If anyone has ever been to Ginny’s Little Longhorn on Sunday for the Austin icon, chicken shit bingo, you know the place gets crowded. I mean, I’m-feeling-violated-just-standing-here crowded. Imagine that the front door only opens inward and that there is no back door. If this were the case, it would get so crowded inside that the door wouldn’t even open, and even if it could people couldn’t get in because the room can’t handle it.  Our body operates the same way. At some point our running speed requires so much white meat that the amount of lactic acid produced can’t go into the dark meat.  As a result, it has to hang out in the blood. That’s bad!

Lactic acid is, well….acid.  Ever had lemon juice in your eye (e.g., has your drunk friend ever thrown a margarita in your face)? Stings, don’t it?  Lactic acid in the blood does the same thing.  Once our blood gets all acidic and shit quits working.  We can’t lift our legs, we cramp up, our legs are on fire, etc.

So that’s it. That’s LT. Our dark meat can handle the lactic acid from the white meat up to a certain pace but as the pace picks up we use more and more white meat until eventually we produce lactic acid too fast for our body to handle. Thus, as the name implies, it is a threshold. To recap, running fast (~10k-15k race pace) requires a lot of force, a lot of force requires a lot of white meat, a lot of white meat makes a lot of lactic acid and our dark meat can’t use all that lactic acid so the lactic acid is “stuck” in the blood.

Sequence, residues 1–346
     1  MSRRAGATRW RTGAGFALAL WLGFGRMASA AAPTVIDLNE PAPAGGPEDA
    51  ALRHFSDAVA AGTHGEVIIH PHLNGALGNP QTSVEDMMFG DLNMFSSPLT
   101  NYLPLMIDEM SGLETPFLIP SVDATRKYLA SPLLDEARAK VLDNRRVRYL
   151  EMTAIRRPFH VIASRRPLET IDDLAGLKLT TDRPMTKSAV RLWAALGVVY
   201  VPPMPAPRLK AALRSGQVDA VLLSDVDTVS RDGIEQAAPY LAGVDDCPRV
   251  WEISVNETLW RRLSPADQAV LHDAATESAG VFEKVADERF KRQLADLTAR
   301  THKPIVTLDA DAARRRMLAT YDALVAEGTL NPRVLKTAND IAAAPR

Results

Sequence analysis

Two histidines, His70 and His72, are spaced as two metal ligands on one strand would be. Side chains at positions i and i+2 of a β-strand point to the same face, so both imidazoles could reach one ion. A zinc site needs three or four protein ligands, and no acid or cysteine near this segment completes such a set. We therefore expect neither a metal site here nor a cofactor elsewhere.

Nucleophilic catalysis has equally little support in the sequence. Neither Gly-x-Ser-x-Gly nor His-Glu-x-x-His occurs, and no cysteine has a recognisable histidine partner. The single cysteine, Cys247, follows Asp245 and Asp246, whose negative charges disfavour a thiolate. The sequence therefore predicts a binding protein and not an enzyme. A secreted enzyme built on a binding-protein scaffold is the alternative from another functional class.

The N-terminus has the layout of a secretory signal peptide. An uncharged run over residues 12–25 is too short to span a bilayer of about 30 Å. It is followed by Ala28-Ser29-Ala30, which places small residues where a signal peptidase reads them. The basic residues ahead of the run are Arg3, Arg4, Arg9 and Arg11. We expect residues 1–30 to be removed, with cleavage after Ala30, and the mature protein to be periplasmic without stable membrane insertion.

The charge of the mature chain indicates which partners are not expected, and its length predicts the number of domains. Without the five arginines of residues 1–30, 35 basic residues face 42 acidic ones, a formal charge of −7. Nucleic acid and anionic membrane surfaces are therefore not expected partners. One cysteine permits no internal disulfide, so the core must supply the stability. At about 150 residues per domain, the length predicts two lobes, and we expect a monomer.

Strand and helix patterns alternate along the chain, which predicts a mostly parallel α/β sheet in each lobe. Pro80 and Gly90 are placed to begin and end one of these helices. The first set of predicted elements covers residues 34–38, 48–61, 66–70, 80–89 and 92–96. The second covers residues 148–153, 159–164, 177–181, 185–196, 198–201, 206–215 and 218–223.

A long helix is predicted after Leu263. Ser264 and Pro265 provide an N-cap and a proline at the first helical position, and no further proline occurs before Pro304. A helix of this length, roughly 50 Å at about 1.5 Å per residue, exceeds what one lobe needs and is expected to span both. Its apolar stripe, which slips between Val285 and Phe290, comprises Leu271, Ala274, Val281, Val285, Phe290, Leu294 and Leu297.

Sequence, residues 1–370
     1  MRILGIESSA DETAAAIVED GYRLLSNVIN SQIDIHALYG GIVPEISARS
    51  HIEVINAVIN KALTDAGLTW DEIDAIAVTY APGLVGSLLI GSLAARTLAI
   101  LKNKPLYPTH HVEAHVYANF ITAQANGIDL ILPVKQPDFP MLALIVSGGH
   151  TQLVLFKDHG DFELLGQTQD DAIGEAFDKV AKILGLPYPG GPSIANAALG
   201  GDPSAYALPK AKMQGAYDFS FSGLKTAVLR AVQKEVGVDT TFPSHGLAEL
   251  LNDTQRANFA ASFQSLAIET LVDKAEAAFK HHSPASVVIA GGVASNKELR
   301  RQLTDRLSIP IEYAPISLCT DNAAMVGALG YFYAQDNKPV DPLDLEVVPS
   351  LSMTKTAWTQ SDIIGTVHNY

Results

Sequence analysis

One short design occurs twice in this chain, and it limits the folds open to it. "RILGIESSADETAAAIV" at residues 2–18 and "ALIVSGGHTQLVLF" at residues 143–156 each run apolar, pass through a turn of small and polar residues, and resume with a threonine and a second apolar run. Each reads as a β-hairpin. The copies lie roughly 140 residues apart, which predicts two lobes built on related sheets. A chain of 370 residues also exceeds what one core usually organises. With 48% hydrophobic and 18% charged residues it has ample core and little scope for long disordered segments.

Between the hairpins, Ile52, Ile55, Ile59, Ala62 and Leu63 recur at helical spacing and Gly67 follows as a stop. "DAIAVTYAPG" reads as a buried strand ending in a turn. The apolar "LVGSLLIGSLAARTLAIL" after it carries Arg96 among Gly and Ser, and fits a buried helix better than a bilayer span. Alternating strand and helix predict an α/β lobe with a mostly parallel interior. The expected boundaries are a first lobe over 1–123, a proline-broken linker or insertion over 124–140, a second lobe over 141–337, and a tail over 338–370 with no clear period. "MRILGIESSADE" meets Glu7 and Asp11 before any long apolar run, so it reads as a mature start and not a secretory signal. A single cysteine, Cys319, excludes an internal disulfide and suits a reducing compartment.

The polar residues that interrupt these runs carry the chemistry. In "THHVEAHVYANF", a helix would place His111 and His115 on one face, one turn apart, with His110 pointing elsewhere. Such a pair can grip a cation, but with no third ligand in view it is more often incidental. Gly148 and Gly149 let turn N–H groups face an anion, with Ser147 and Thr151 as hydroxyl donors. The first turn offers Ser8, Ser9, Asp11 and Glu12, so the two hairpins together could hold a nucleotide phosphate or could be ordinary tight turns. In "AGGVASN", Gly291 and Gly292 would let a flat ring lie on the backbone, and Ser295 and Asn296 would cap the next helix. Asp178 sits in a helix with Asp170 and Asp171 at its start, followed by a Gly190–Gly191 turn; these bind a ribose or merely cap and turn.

So now you see; you can’t talk about LT without talking about fried chicken.    In two weeks, I’ll talk about how LT affects your race and how you train your LT.

Jeff Knight coaches Rogue Athletic Club and Team Rogue. He is a nerd and loves using parentheses. If you’d like to train with Jeff (el jefe) click here.  Note: lab coats not provided.